APPENDIX NO. VII.
|November 29th, 1844|
General Thomas J. Green:
The spirit-stirring incidents, from the commencement to the end of your journal, cannot fail to excite a lively interest in the breast of every reader.
With myself, and your numerous friends in this country, your details have peculiar interest, from our knowledge of the fidelity with which they are given. Independent of my knowledge of the frankness of your character, an intimate acquaintance with many of your fellow-prisoners, with whom I have had frequent conversations, enables me to judge the correctness of your narrative. Permit me, therefore, to solicit the publication of your journal as soon as practicable, inasmuch as it is immediately connected with our Revolution, and forms one of the important events attending its progress.
|Most respectfully, your friend and obedient servant,|
|Oakland, January 4th, 1845|
General Thomas J. Green:
There are but few instances in which the great superiority of Texian arms over those of our boastful enemies have been more fully illustrated  than in that conflict, which has elicited so little of the public sympathy, and attracted so small a share of admiration. It is no new idea that success is necessary to applause. The fame of the brief and almost unresisted onslaught of San Jacinto, of eighteen minutes' continuance, has resounded throughout the world, and in the imaginations of the uninformed, has wreathed the brow of the nominal commander, who was literally compelled into the chase, with the garland of heroism, while the protracted and bloody battle of Mier has scarcely been perpetuated by newspaper advertisement. There is, however, consolation in the thought that, although one's contemporaries may fail to do justice to his public acts, and may confer unmerited plaudits upon the recreant and unworthy, a better-informed and more dispassionate posterity will render honour to whom honour is due.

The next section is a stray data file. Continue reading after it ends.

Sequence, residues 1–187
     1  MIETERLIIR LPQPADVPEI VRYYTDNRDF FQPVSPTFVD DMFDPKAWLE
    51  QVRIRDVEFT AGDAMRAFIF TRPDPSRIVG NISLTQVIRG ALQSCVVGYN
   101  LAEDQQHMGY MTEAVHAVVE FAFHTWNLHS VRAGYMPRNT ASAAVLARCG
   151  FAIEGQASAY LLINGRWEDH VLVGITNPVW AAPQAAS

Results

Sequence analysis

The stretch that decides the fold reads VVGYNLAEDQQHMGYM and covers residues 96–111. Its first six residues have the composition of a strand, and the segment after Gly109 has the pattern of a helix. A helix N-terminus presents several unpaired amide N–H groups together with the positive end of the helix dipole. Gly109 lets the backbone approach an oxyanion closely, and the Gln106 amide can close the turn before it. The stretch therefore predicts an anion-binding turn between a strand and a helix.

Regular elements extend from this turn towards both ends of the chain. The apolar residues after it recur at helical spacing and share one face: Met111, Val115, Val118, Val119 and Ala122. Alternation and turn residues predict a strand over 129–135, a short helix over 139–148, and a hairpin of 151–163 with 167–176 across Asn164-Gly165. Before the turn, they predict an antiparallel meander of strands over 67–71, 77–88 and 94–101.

Among the seventeen decimated victims of your late companions in suffering was a brother of Mrs. B.'s, and it is natural that we should feel a more than common interest in the events you have related. In all my reflections upon that most atrocious act of an atrocious tyrant, to save whose life, during the great excitement at Velasco in 1836, my own was imminently jeoparded, I have not been able to divest my mind of a suspicion that General Houston is and will be held, by a heart-searching God, morally guilty of that most abominable massacre. His gratuitous, uncalled for, and extraordinary communication to Santa Anna, through the agency of the British minister, officially denounced you and your companions in arms as without the pale of nationality, and consequently, as outlawed brigands, and liable to be dealt with as such. There certainly was no political necessity for that pragmatic, and, if not designed for some wicked purpose connected